I say why not? We here at Gun Nuts are simply trying to appease the ghost of John Moses Browning. We feel such appeasement is necessary given that most people flock to polymer wonders and shun ole’ slab sides. Simply put, the 1911 can be an excellent projectile launcher and if well-built, it is an exquisite work of art. It can also be a source of endless frustration and malfunction drills if poorly built or improperly maintained.
So it was with your interest in mind – or maybe it was the fact I really liked this pistol and wanted to try it – that we open up the testing on the Dan Wesson ECO. This will be a kick-off review. As I write this, I have yet to actually shoot the gun. This is a quick bench top, initial impressions review. My goal is to track the rounds fired and give updates as the weapon either proves itself or infuriates me.
Now for you heathens that don’t know; Dan Wesson was founded in 1968 by Daniel Wesson, great-grandson of D.B Wesson who co-founded Smith and Wesson. In 2005 the company was bought out by CZ, who also makes quality firearms. But enough history, if you want to know more about Dan Wesson’s history you can look here, or here.
The ECO is an Officer sized 1911, thus it is sporting a 3.5” tapered bull barrel and the requisite shorter grip. Being chambered in 45 ACP the capacity is lacking, but frankly I don’t care. With 7+1 rounds of .455 diameter ballistic goodness I can take on seven parachuting ninja (or is it ninja’s?) and at least one pissed off gopher. Yeah, yeah, I know… no one has ever asked for less ammo in a gunfight. Ironically I own a double stack combat autoloader for those causal jaunts through gangland, or into Syrian held territory.
The ECO has an alloy frame which reduces weight. In the past I have owned some lightweight 1911’s in both Commander and Officer length; and while the recoil wasn’t life-ending it was definitely there. I suspect this will be similar; however, the ECO comes with a flat wire guide rod setup. Rumor mill says it is from Evolution Gun Works. If that is true it is great news as I have read good things about that setup’s duality of increasing reliability while reducing felt recoil. We shall see.
Here are the specs from Dan Wesson.
- Chambering: 45 ACP
- Magazine Capacity: 7
- Frame: Anodized Aluminum
- Grips: G-10
- Barrel Length: 3.5 in
- Weight: 1.56 lbs.
- Overall Length: 7.25 in
- Height: 5 in
- Width: It’s a 1911, it’s thin. Duh!
So what do I love about the weapon?
- It feels good in the hand.
- It is well-balanced.
- The sights are not bad – although I will likely put some orange around the front tritium insert to mimic a Trijicon HD.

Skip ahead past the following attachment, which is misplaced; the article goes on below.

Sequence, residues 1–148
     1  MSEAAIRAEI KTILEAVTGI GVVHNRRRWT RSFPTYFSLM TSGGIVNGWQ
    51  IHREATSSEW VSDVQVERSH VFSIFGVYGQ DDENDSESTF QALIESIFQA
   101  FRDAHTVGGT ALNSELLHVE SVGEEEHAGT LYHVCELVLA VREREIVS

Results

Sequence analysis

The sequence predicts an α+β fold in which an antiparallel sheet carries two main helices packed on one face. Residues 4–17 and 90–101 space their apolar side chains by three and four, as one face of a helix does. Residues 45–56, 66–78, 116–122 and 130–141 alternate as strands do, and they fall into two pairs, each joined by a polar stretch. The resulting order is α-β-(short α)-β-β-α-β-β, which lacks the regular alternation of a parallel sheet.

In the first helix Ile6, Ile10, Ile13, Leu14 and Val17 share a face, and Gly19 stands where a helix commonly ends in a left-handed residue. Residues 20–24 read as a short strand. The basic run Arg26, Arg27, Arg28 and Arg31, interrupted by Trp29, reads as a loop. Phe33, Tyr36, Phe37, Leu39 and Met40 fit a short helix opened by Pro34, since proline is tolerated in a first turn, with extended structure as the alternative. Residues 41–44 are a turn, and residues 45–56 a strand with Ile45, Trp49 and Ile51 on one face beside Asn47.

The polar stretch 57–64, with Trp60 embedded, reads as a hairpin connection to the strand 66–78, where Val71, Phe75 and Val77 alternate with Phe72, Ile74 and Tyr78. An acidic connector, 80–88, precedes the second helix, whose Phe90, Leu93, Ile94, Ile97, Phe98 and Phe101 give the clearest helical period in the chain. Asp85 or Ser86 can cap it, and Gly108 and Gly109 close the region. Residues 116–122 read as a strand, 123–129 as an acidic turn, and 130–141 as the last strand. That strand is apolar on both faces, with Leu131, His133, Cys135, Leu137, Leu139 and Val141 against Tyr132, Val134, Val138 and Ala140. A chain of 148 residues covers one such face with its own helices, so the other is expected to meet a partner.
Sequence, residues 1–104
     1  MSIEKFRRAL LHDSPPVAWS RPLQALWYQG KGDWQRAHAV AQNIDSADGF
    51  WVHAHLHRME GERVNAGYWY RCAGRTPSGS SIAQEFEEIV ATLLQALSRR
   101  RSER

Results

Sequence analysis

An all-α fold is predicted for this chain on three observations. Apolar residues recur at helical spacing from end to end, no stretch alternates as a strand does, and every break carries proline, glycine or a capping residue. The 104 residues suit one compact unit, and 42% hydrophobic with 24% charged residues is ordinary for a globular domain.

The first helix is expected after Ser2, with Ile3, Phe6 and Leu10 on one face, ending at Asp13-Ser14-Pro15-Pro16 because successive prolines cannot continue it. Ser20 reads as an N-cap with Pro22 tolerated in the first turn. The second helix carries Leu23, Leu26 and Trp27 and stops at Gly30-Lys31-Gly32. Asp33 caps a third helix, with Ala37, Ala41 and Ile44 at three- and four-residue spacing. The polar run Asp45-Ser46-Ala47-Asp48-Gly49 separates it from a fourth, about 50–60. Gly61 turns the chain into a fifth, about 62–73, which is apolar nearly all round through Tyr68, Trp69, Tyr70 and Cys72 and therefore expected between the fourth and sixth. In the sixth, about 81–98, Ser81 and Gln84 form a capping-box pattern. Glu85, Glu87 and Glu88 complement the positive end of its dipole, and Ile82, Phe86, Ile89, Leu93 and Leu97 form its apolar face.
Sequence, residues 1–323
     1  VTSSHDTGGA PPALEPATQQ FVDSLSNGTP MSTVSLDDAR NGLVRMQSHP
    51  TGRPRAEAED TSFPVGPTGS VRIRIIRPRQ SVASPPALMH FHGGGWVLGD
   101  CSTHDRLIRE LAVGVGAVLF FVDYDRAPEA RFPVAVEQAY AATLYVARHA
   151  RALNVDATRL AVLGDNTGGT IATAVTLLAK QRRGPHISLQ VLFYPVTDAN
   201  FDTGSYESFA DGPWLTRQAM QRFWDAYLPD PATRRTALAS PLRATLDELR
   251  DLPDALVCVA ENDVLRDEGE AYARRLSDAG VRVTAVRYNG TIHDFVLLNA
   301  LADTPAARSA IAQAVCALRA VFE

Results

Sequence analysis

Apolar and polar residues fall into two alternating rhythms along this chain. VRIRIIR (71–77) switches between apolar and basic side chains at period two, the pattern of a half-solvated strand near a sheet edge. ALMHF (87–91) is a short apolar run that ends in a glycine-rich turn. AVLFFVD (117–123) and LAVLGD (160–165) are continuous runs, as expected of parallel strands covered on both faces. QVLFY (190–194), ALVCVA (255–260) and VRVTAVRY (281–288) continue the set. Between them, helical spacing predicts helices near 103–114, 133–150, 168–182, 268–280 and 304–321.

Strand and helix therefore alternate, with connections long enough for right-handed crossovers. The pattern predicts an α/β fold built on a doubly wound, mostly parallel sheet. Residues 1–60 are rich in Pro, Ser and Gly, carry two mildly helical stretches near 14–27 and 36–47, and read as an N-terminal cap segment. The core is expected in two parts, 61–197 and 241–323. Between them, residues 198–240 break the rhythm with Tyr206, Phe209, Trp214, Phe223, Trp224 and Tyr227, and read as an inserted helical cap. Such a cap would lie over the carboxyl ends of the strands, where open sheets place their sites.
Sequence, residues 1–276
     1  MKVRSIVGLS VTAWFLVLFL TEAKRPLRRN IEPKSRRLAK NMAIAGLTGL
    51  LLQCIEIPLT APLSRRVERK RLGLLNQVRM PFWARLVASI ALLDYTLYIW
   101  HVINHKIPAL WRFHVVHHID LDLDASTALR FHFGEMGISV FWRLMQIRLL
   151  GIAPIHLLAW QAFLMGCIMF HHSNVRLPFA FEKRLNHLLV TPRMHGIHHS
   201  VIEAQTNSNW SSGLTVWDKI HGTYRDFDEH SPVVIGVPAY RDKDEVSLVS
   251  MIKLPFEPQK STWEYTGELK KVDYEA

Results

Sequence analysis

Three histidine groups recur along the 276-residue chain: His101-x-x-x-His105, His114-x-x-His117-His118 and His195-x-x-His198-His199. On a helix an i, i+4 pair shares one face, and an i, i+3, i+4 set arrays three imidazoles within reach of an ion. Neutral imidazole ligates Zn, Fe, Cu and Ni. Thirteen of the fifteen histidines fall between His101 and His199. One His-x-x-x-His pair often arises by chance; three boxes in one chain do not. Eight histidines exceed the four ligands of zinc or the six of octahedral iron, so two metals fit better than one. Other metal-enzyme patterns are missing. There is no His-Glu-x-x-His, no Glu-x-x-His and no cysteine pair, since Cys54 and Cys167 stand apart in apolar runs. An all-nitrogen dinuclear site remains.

- It is well de-horned and the fit and finish are very, very good.
- The safety clicks on and off with confidence.
And what I hate about the weapon so far?
- I guess I could complain that Dan Wesson didn’t add a magwell, but so what? It is not like I will be running this in Single Stack.
- I don’t care for the zebra grips. But that is subjective.
- So what do I really hate about it, at this time? NOTHING!
I really hope this short 1911 proves to be reliable. I should be able to report back in a week or so with some rounds down range. Dan Wesson recommends a break-in period, so I will not be performing the 10-8 test until I have put 400 rounds down range.
To say I want this to succeed is an understatement. Time will tell.
One of the things I really like about the Pro Carry II is how accurate it is, especially for a smaller gun. This long video is me shooting a 49/50 on Dot Torture with it, putting the pistol through its paces for accuracy.
I did some shooting yesterday with the Pro Carry II, and while it wasn’t a great practice session by any means, I was able to come away with some useful data about the gun itself. I’ve mentioned that the gun feels tremendously oversprung, and when reviewing slow motion video of some shooting I see that the slide is actually traveling forward and hitting cases at times causing them to fly forward of the gun. One of the other side effects of being oversprung is how easy it is to induce a failure.
Time to test a new gun, while the Dan Wesson is off at NRA getting its photo taken for Rifleman. We’re starting with the Kimber Pro Carry II in 9mm, and like all of test guns it starts with the 10-8 Performance test.
710 rounds in and no failures of any type. The most recent range session was a simple, 200 round USPSA warm-up session using the excellent Birchwood Casey reduced USPSA targets. I’ve been using these targets to train with because they’re almost exactly half the size of a regular USPSA target; plus when I’m training on a single lane indoor range I can hang two of them on the carrier and work on transitions. Like my friend Annette says, “splits are for show, transitions are for go.”